Fulbright Austria: How does your teaching experience in Austria compare with your teaching experience in the US?
Nick: The Diplomatic Academy (DA) is the oldest school of foreign service in the world; the school I teach in at home, the Hamilton Lugar School of Global Studies (HLS) at Indiana University, is one of the newest. The students at the Diplomatic Academy are a small, select group drawn from all over the world who live, work, and study together in a building on Favoriten Straße, so they have a special bond. Many of them will go on to work at the IAEA or other United Nations/multilateral organizations here in Vienna or elsewhere. Others will go into diplomatic positions or international business. They are further along in their careers than the students I teach at home, and in many ways they are living the life many of my students in Indiana aspire to have one day. But as a teacher, I try to give them the same training in how to investigate foreign relations for themselves, how to evaluate evidence, how to think about motives and interests, and how to prepare clear, convincing reports.
Fulbright Austria: You were recently featured in The Atlantic, where you talk about the relationship between architecture and human interaction in the US Capitol. Do you draw any connections with infrastructure in Austria?
Nick: I see that the Parlamentsgebäude is currently undergoing a thorough renovation at the same time architects are reworking the grounds of the US Capitol to ensure security. In addition to considerations of heritage and sustainability, architects have a particular responsibility to ensure that public buildings remain public. Increasingly our elected officials are people we only see on screens, a trend intensified by the pandemic but not caused by it. A lot of the disaffection voters feel about their officials today comes from the sense that office-holders are not people like them. Unless voters and their representatives can meet and work out their differences face to face, they will shout at each other through social media. Good public architecture is essential for making democracy work.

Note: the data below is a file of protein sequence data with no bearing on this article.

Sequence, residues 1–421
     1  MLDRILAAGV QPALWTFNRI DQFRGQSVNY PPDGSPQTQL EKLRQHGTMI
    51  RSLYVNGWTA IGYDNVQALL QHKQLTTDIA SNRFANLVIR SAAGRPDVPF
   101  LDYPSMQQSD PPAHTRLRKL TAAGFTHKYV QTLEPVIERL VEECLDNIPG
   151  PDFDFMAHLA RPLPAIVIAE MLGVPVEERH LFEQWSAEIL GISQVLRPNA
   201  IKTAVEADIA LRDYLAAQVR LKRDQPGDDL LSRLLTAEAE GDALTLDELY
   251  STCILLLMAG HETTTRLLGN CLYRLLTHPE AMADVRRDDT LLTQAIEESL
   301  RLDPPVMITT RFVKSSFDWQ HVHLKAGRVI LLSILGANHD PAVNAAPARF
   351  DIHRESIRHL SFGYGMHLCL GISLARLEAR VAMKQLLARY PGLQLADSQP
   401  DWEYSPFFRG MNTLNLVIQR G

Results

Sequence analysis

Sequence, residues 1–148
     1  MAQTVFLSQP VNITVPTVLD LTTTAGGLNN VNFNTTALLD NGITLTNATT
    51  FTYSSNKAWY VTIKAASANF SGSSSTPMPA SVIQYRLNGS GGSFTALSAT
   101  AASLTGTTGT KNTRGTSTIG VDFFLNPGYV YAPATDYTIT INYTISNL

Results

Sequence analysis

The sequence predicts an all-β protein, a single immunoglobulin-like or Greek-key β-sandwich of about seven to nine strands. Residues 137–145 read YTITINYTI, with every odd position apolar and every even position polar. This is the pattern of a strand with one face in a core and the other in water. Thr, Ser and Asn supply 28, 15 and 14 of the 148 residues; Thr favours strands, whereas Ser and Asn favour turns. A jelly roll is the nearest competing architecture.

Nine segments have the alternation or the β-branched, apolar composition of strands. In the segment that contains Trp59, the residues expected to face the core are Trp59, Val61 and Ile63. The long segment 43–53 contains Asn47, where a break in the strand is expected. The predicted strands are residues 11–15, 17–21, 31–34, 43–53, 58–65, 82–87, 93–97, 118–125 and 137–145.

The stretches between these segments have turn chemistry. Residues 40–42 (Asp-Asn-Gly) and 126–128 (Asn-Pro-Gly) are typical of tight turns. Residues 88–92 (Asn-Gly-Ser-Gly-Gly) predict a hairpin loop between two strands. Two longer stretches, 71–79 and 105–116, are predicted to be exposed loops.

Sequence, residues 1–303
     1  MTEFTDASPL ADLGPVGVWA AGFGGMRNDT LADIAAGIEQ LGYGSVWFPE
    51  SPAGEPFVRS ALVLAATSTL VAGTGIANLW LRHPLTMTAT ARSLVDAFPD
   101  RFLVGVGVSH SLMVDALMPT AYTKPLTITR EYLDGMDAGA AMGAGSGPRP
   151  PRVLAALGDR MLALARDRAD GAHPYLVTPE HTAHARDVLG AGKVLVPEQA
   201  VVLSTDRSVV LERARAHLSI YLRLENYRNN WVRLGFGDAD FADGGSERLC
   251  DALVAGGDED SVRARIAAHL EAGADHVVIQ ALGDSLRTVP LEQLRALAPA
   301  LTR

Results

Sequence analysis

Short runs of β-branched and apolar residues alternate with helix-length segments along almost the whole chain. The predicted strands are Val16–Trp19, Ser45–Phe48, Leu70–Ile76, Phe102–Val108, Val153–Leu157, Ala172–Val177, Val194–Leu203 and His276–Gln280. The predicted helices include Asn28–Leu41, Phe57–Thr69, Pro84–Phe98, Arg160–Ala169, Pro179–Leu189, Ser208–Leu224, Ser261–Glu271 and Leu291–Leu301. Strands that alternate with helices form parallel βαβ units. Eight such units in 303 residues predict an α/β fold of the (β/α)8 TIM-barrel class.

Fulbright Austria: How does virtual infrastructure inform your interactions with students and faculty at the DA? (What is gained? What is lost?)
Nick: Unfortunately, in the last term all classes had to be online. The small size of the DA and the fact that it is a residential school have made some one-on-one interactions possible, and it still is possible to pass paper copies—assigned papers, for example—to each other so that we aren’t merely interacting through pixels. Our fingers are crossed for the coming weeks, in hopes that next term will be more open.
Fulbright Austria: In developing new international studies curricula at Indiana University, you drew on a wide variety of disciplines. What were the key components? Could you share some of the primary ingredients with us?
Nick: At HLS we tried to restore a vision of global studies first introduced in the early twentieth century. It combines two parts: an intensive study of the language, culture, and history of a particular world region—a set of disciplines called “area studies”—with a social scientific approach to the economic, historical, political, and technological issues that all nations have in common. This latter discipline we call international studies. It is based on a premise that students trained in more than one discipline will approach problems in more innovative ways; a student of cybersecurity with a background in both information architecture and Russian, for instance, may be just the person to address certain kinds of threats. No two of our students come out with the same combination of experiences and skills, but we feel this gives them the versatility a changing world requires.